GARY Oldman leads the charge with an electrifying central performance as Prime Minister Winston Churchill in director Joe Wright’s compelling wartime chamber piece that would make for an effective opposite-side-of-the-same-coin companion to Christopher Nolan’s Dunkirk.

It’s May 1940 and, with the war heading for outright disaster for Britain, beleaguered PM Neville Chamberlain (Ronald Pickup) realises he must step down. After much contention his Cabinet decides to give the job to the unpredictable and hot-headed Churchill, the only man whom both the opposition and the country will accept.

Encouraged by the support of his beloved wife Clementine (Kristin Scott Thomas), he takes on the mammoth task of navigating his country through what increasingly feels like an unwinnable battle. It then becomes the story of how Churchill has to fight a war on all sides as he makes decisions that will define his country’s future. This includes his supposed closest allies disagreeing with his unusual methods, ever-willing to throw his past mistakes in his face.

“You cannot reason with a tiger when your head is in its mouth!” he bellows as he storms out of a room full of men who disagree with his decision not to enter into peace talks with Hitler.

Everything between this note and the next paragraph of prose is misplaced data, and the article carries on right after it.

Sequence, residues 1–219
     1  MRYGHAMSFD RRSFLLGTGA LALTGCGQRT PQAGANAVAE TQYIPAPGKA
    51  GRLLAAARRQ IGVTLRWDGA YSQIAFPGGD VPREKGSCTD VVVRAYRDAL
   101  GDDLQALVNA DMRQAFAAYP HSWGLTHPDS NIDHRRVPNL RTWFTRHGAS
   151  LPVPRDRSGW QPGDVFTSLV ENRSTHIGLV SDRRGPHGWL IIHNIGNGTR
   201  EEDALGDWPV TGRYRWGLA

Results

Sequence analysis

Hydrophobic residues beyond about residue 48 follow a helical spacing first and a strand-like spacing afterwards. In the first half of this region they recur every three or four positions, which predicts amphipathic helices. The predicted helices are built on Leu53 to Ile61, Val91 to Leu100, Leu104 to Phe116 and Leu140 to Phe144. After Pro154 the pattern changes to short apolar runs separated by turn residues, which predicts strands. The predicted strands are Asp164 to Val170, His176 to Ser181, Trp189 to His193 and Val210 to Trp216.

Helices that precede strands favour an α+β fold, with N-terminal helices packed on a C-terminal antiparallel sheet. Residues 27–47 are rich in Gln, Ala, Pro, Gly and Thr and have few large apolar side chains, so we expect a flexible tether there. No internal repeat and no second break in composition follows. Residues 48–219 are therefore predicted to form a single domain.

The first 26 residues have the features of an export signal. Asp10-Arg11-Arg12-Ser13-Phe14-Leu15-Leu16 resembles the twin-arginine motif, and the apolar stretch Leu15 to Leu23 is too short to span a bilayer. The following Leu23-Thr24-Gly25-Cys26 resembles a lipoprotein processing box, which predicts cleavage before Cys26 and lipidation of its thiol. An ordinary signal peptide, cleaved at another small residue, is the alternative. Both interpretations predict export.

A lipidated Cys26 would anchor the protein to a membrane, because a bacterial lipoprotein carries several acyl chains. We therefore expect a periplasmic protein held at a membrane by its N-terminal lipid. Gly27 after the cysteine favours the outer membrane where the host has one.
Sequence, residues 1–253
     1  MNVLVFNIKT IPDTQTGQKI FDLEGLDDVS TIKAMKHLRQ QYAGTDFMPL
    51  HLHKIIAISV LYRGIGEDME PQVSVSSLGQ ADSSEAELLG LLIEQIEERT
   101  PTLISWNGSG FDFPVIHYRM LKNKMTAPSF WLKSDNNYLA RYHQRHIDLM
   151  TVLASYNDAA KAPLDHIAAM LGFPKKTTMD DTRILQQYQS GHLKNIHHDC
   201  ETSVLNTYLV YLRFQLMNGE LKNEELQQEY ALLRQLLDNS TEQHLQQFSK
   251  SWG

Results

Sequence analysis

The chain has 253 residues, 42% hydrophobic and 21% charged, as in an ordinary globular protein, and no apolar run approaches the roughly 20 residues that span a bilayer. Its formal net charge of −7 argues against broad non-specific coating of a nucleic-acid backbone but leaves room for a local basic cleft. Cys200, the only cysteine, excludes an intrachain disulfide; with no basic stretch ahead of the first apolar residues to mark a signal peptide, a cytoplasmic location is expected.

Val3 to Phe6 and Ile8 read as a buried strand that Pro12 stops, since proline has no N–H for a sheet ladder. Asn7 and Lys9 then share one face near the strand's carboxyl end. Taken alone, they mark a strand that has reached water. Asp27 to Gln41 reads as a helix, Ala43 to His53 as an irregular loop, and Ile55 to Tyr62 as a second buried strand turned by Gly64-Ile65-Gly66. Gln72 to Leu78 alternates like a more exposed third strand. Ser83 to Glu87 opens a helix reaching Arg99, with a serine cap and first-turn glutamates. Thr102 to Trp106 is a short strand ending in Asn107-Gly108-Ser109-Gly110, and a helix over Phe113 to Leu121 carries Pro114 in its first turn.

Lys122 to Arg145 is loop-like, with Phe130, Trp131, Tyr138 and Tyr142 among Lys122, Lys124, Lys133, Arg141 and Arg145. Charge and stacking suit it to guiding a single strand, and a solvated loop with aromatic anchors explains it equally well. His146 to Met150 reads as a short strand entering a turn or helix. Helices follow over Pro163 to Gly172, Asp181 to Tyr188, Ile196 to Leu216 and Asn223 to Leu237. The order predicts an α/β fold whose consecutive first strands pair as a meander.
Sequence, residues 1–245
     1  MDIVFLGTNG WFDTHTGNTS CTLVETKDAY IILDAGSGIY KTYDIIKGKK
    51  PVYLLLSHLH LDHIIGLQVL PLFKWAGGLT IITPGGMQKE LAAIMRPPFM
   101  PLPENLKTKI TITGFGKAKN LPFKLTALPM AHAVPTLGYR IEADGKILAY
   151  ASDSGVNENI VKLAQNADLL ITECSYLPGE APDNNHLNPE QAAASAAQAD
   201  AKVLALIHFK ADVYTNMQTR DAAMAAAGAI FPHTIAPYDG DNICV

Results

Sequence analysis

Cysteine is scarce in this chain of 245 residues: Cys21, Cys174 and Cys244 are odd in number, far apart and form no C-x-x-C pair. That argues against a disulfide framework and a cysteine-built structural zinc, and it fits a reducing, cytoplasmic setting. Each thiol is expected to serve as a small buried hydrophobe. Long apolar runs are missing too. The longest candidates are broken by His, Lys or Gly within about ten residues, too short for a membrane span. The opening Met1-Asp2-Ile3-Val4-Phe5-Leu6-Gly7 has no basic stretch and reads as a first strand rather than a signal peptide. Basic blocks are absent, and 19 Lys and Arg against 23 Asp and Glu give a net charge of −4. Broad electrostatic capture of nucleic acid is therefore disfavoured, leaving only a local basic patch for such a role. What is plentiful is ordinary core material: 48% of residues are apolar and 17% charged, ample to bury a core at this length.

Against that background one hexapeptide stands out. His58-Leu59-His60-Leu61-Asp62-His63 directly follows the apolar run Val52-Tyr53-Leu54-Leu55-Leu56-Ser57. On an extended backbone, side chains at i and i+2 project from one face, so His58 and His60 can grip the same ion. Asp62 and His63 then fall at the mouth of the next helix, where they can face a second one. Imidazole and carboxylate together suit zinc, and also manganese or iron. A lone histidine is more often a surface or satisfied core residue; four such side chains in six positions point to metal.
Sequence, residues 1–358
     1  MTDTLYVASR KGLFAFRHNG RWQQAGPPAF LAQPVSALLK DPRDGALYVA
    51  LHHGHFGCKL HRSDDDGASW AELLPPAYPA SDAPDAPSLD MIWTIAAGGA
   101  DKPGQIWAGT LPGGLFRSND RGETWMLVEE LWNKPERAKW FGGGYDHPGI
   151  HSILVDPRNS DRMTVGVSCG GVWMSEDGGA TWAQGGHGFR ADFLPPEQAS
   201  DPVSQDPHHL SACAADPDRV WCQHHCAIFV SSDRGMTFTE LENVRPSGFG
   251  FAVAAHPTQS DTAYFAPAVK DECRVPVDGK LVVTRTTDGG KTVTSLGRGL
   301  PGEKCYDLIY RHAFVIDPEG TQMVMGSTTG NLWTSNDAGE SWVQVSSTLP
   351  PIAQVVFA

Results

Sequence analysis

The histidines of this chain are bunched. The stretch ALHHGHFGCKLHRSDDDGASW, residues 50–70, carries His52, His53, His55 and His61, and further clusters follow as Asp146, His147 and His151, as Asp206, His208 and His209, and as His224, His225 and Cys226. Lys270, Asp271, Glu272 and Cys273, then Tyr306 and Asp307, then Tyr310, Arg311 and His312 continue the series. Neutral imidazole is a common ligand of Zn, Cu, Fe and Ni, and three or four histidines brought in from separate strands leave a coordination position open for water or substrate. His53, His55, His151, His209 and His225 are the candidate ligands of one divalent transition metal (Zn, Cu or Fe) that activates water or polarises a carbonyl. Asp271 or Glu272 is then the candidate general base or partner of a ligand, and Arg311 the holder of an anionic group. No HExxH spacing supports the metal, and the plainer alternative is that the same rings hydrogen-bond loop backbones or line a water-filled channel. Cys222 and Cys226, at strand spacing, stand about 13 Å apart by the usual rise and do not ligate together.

It’s in these sorts of moments where the film soars, giving Oldman the chance to shine in one of his finest ever performances and the one that is all but guaranteed to win him his long overdue Oscar.

Oldman joins other recent actors to portray arguably Britain’s most famous leader, including John Lithgow in TV’s The Crown and Brian Cox in last year’s under-appreciated drama Churchill.

But Oldman makes the role entirely his own, giving a masterfully studied performance that captures the idiosyncratic mannerisms and temperamental nature which those around him – from his unwavering wife to put-upon secretary Elizabeth Layton (Lily James) – must deal with on a day-to-day basis.

But he also transcends cheap caricature that the fat-suit and layers of make-up might suggest to bring out the humanity hidden below the bluster and the fragility buried under outward displays of defiant strength and rousing speeches. We really do get a sense of what made him both an effective leader and a loved man.

Not all of it entirely works; for example, there’s a scene where Churchill heeds the words of King George VI (Ben Mendelsohn) and goes to meet with everyday folk on the Tube that, whether it really happened or not, rings false and out of place. But for the most part, anchored by Oldman’s commanding leading performance, it works as a stately and absorbingly tense piece of British cinema.